The Houston Founder Institute graduated its 2024 cohort this month, celebrating the class on May 21. The organization also opened applications for its next round. Photo via Getty Images

The latest cohort of promising Houston startups has made it through the local program for the the world's largest pre-seed startup accelerator.

The Houston Founder Institute graduated its 2024 cohort this month, celebrating the class on May 21. The organization also opened applications for its next round.

"After meticulous selection process and intense four months of aggressive business-building sprints, constant evaluation, and feedback from investors and mentors, just 6 companies were able to make it through," the organization writes in a blog post. "Each of these Founders have demonstrated a high level of perseverance and creativity, and their businesses have been thoroughly vetted and supported by a panel of Houston's top startup experts and investors."

The newest alumni of the Houston program include:

  • Quickgredients, a company that's empowering diners with dietary needs and attract new customers for food businesses through targeted marketing and efficient management.
  • Truckersfinder, a platform connecting trucking companies to essential service providers to streamline their operations.
  • SEKCO, which is developing a technology to help laundry business operators offer a service to wash and press in five minutes or less by integrating wet vacuum cleaning and pressing in manual or automated stations.
  • Gym Rat, a hardware-software integration to improve and better track the fitness experience.
  • ReachAI is impowering small and medium-sized enterprises to elevate their digital footprint and online visibility through cutting-edge marketing strategies and comprehensive web presence optimization solutions.
  • STEMperts, a platform that's helping students learn better and improve grades by engaging them through a combination of interests and learning styles.

Houston Founder Institute is run by local directors James Phelan, Martín Martinez, Mery Ramirez, and Natasha Gorodetsky.

Following the completion of the program, the portfolio companies continue to have access to the Founder Institute's global network and post-graduate support programs to continue building their business.

Global organization gener8tor, along with Downtown Launchpad, started its ninth gBETA Houston cohort last month. Photo via Getty Images

Early-stage accelerator names 9th Houston cohort

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For the ninth time, gBETA is incubating five early-stage Houston startups providing innovative solutions across skincare, human resources, and more.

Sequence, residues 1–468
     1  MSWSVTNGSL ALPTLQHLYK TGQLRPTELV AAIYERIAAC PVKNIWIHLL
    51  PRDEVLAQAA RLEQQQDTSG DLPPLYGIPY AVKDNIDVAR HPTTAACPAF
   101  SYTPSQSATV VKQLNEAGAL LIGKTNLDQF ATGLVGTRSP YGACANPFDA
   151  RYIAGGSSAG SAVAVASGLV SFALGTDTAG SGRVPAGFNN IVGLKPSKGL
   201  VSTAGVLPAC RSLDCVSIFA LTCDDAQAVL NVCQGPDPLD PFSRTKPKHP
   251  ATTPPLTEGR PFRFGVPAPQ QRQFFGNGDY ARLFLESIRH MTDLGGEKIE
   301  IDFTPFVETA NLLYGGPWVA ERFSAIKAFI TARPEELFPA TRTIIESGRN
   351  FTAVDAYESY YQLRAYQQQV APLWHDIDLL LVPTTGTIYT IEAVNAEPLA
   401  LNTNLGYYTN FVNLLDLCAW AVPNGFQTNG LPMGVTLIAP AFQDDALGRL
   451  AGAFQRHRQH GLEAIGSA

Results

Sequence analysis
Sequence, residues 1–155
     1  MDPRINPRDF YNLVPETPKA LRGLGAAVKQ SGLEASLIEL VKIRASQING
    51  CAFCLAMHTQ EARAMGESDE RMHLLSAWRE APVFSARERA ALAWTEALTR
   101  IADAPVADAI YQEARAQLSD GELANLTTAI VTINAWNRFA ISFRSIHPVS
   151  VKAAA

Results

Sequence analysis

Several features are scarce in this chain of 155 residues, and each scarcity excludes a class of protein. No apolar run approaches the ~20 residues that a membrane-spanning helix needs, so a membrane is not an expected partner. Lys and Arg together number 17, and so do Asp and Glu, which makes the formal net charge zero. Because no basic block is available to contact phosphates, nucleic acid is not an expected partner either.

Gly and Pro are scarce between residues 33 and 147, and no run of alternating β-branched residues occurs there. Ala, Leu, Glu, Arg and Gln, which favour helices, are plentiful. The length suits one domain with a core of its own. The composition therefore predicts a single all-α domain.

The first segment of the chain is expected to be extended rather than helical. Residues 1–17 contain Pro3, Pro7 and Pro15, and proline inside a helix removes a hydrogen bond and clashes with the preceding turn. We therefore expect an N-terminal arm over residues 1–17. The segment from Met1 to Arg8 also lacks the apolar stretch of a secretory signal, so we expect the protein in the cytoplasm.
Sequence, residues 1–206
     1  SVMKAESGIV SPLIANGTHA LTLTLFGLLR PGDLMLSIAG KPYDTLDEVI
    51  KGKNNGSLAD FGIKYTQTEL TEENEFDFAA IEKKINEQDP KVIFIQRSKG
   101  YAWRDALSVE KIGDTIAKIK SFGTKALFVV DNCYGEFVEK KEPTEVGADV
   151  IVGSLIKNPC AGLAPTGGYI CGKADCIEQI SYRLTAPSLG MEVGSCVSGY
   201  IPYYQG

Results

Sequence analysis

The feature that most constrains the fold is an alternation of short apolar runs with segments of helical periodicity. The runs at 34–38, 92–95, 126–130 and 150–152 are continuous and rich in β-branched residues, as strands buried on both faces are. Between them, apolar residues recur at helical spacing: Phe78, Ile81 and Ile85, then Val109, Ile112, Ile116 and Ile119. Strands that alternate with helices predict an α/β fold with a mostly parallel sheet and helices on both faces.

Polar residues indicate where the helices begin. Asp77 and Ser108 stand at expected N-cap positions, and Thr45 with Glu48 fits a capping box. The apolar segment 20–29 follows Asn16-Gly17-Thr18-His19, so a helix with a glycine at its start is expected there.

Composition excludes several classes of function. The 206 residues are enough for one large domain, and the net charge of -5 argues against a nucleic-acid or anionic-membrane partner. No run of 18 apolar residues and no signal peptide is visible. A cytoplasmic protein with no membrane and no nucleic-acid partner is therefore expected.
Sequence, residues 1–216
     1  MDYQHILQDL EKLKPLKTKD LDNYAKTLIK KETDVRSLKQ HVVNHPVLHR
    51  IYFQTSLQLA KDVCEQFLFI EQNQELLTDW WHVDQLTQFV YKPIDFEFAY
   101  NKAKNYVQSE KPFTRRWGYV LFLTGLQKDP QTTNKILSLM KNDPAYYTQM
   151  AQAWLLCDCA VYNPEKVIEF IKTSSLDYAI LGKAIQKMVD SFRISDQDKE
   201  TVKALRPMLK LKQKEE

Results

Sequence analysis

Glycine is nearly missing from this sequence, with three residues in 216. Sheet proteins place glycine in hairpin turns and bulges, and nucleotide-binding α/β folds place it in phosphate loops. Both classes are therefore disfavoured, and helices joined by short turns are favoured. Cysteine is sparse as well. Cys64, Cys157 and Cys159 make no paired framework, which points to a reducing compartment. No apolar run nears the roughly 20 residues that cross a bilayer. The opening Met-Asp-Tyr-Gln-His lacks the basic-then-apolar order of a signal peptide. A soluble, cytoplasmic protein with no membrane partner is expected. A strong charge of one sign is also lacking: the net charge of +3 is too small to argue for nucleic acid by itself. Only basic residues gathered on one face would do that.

Global organization gener8tor, along with Downtown Launchpad, started its ninth gBETA Houston cohort last month. The free seven-week, no-equity accelerator program selected five Houston-based founders to provide helpful programming, support, and connections to mentors, customers, corporate partners, and investors.

"We're thrilled to continue fostering innovation in Houston and are thankful for our collaboration with Downtown Launchpad as we launch the ninth cohort of gBETA Houston,” says Vanessa Huerta, vice president of gBETA at gener8tor, in a statement.

The program has accelerated 40 Houston companies since its launch in Houston a few years ago. The companies have gone on to raise over $8.6 million in funding and created more than 70 jobs.

“With each new cohort, we witness the power of innovation unleashed,” Muriel Foster, gBETA Houston director, says in the release. “The Spring 2024 gBETA Houston cohort embodies the spirit of relentless creativity and boundless ambition.”

The gBETA Houston Spring 2024 Cohort includes:

  • Cosnetix is innovating within personalized skincare, leveraging genetic and microbial skin profiling to offer users custom skincare product recommendations. The platform has been developed through over 100 customer discovery interviews and is headed for beta-testing.
  • Kannect has created an innovative community engagement platform — already used by 20 organizations — to streamline communication, foster collaboration, and enhance member engagement. The tools can be used by nonprofits, associations, religious institutions, and beyond as a digital dashboard to manage memberships, organize events, and facilitate meaningful interactions.
  • Targeting college grads and career pivoters, No Experience Jobs helps users find entry-level jobs that don’t require experience. In its first three months of launching, NoExperienceJobs.io received more than 72,000 unique monthly visitors, gained over 1,300 newsletter subscribers, generated more than 700,000 social media engagements, and is already revenue-generating.
  • The Roo App partners with bars and restaurants to connect designating drivers to those who need designated driver services. The company is currently operation on a web-based platform with over 1,500 current visitors, but plans to launch the mobile application later this year.
  • Yuyo.love is changing the fitness game by providing bilingual fitness classes ranging from yoga, pilates, dance, fitness, nutrition, and meditation. The company's hybrid classes have over 150 participants per class and plans to launch the platform this quarter.
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CultureMap Emails are Awesome

How this Houston innovator is using his personal connection to ALS fuel his fight for a cure